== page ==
Photo courtesy of Gabriel Ride Control
The frequency of shock replacement can depend on a lot of factors, including the loads a vehicle is transporting, where it typically operates and the driver’s driving behavior.

When To Change Shocks

Oct. 10, 2017

Proper maintenance is key to keeping a vehicle safe and running as long as possible. Yet too often, shocks are overlooked, and that can create problems.

Shocks “are a much more important part of the vehicle system than most realize, and as they wear out, it isn’t long before something else gives too,” says Jeff Schlump, commercial sales at Gabriel Ride Control ( “As a rule of thumb, when changing worn tires and doing regular maintenance, the shocks should be changed as well to prevent other, worse damage before it starts.”

The company is the inventor of and an industry leader in the design, engineering, development and production of automotive ride control technology in North America.


The suspension of a vehicle carries the load and distributes weight through the tires and onto the driving surface, Schlump explains. The vehicle rides on air or steel springs to absorb vibration and keep it relatively smooth on uneven terrain. The shocks control the movement of the springs, keeping them steady and in control.

“It’s this setup that allows a driver to accurately ‘feel the road’ as they drive,” he says.

“As the shocks start to wear out, they can’t adequately control the springs. As the springs bounce all over the place, so does the rest of the vehicle. It causes a loss of consistency in the tires’ contact with the road, the work of the brakes and the response the driver feels from the vehicle.

“The extra vibration allowed by bad shocks is distributed throughout the load to places that are not meant to handle it,” he continues. “It can cause damage to cargo, lighting components, onboard electronics, refrigeration units, etc. Anything that can be damaged by excessive vibration suffers when the shocks wear out.”

Effect on Tires

Bad shocks also cause “interesting wear patterns” on tires, observes Gabriel’s Schlump. Once the shocks start to go and the springs start to bounce out of control, the tires can’t maintain consistent contact with the road. As they bounce and vibrate while rolling over the ground it causes unusual scuffing on the treads of the tires.

“When tires display these bald spots the phenomenon is sometimes called ‘cupping,’ Schlump says. “A tire that has started to cup is definitely one that should soon be replaced. Otherwise the loss of traction will start to compromise driving safety.”

Gabriel recommends that whenever a vehicle is taken in to replace the tires, the shocks be changed as well.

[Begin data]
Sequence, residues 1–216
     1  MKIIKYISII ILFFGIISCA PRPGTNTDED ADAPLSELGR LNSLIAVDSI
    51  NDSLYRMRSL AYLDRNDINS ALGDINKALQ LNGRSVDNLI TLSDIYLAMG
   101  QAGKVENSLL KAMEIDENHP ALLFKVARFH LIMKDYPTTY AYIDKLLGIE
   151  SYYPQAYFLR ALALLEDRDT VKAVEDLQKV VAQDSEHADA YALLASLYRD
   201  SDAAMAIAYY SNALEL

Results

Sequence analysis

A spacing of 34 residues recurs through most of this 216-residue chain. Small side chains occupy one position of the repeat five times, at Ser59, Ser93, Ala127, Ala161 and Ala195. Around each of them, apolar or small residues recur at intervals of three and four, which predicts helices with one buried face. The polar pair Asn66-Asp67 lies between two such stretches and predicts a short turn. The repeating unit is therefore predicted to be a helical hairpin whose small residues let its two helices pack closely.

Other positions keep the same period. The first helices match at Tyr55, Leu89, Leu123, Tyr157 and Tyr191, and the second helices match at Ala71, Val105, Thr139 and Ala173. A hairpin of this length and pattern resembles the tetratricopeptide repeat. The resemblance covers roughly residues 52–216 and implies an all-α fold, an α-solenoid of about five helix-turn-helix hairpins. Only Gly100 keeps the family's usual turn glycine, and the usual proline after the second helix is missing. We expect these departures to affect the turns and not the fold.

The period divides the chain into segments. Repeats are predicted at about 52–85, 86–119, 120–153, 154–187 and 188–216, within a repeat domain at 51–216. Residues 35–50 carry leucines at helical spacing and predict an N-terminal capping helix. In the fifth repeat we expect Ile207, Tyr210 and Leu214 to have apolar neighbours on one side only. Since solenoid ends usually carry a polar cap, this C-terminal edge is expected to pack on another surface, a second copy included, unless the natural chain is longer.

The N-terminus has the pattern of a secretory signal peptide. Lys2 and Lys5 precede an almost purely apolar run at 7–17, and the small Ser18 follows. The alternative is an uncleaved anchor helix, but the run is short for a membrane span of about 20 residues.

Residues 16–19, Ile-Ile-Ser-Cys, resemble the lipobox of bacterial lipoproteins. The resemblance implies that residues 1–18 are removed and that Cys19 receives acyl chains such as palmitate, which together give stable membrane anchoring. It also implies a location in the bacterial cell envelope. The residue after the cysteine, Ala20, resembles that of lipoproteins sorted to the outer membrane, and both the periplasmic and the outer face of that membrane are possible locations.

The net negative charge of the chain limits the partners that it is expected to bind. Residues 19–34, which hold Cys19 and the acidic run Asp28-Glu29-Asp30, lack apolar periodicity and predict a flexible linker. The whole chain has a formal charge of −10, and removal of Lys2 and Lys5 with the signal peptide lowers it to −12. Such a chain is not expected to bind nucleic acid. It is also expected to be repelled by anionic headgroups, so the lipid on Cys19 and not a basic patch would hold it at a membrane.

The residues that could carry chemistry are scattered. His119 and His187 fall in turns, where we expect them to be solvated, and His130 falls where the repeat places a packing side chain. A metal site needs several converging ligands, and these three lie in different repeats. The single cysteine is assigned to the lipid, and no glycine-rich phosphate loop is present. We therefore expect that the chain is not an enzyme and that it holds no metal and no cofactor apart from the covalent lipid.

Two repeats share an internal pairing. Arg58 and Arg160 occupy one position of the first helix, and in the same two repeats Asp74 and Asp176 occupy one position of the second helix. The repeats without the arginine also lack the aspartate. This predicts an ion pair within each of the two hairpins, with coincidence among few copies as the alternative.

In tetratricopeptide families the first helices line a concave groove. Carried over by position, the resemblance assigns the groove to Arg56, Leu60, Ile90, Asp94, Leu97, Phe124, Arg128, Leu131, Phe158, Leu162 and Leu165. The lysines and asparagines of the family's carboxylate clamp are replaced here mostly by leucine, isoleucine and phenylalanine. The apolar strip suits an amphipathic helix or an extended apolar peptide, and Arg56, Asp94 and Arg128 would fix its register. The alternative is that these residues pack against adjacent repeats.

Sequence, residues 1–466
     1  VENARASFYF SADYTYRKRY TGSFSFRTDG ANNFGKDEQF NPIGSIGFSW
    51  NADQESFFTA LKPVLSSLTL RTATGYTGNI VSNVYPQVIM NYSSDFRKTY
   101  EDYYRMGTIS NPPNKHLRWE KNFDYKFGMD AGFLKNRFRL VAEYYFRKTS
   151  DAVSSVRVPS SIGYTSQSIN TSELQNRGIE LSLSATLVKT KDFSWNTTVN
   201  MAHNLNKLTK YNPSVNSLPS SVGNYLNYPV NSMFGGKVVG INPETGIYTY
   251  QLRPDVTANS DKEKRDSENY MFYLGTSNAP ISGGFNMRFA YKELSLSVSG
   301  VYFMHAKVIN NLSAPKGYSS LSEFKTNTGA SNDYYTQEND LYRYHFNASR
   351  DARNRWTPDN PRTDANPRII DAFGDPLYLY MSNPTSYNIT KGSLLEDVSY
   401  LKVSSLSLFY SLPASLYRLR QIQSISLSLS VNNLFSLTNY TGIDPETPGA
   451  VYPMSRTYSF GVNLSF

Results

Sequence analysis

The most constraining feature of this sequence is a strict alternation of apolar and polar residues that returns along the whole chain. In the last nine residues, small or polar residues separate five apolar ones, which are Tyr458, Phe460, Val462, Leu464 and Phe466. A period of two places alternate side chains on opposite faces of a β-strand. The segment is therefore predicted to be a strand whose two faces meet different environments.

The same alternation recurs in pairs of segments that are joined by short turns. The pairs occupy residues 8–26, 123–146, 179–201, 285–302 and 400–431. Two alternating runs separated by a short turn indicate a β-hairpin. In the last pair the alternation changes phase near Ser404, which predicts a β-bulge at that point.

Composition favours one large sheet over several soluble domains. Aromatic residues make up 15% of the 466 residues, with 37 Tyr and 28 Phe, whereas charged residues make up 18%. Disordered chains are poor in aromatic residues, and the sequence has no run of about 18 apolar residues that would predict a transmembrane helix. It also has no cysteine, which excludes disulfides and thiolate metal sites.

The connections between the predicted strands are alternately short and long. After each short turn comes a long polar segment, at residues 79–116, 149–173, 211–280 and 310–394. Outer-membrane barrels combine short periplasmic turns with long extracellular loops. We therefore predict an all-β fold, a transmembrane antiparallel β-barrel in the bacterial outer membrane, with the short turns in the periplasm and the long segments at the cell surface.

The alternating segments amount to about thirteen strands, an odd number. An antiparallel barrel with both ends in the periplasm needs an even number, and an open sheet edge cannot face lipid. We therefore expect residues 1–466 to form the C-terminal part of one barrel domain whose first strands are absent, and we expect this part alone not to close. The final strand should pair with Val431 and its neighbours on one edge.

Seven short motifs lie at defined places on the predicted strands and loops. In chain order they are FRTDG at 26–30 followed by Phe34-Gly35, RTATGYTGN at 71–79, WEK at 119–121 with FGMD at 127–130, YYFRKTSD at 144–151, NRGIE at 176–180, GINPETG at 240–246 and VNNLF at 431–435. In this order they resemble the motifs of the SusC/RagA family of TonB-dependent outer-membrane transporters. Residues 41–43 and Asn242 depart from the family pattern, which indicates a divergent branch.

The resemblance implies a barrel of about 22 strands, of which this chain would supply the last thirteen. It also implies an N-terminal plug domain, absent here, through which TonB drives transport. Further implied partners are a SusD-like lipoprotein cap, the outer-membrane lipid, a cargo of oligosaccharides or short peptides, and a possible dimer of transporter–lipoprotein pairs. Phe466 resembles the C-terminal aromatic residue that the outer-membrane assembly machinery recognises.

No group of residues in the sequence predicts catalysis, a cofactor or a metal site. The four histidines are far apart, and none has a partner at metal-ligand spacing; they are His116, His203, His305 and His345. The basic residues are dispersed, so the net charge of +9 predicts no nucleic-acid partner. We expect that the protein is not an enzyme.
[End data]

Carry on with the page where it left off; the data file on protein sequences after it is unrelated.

“If tires are already showing signs of cupping, the chances are the shocks have started to wear down,” he says. “Any time a vehicle is in the shop is a good time to perform other maintenance checks.”

If old shocks were the reason for the tire wear in the first place, replacing the tires will only be a temporary fix, he says. The worn shocks will continue to put unnecessary strain on the tires and the frame of the vehicle, “causing damage faster than before and shortening the lives of brand new tires. Leaving the old shocks on the vehicle ends up being a waste of repair costs in the long run.”

Replacement Time

The frequency of shock replacement can depend on a lot of factors, notes Gabriel’s Schlump, including what kind of loads a vehicle is transporting, where it typically has to operate and what kind of drivers are usually driving it. Shocks that are consistently subjected to extra strain should be replaced more often.

If tires have already started to cup due to extra bouncing from worn shocks, replacing the shocks will not halt the damage, he says. Studies have shown that if the treads have begun to display bald spots, replacing the shocks will only slow down the wear and tear, but not stop it.

“In the end, it makes the most sense to replace the shocks when you replace the tires,” concludes Schlump. “Even if the shocks aren’t responsible for the tire wear, they are much cheaper to replace than tires, air springs or other expensive hardware that can be damaged by driving with bad shocks.

“It is better to foot the bill for some preventative maintenance than wait for more obvious signs of damage that will be harder and more expensive to fix down the line.”

About the Author

David A. Kolman | Contributor - Fleet Maintenance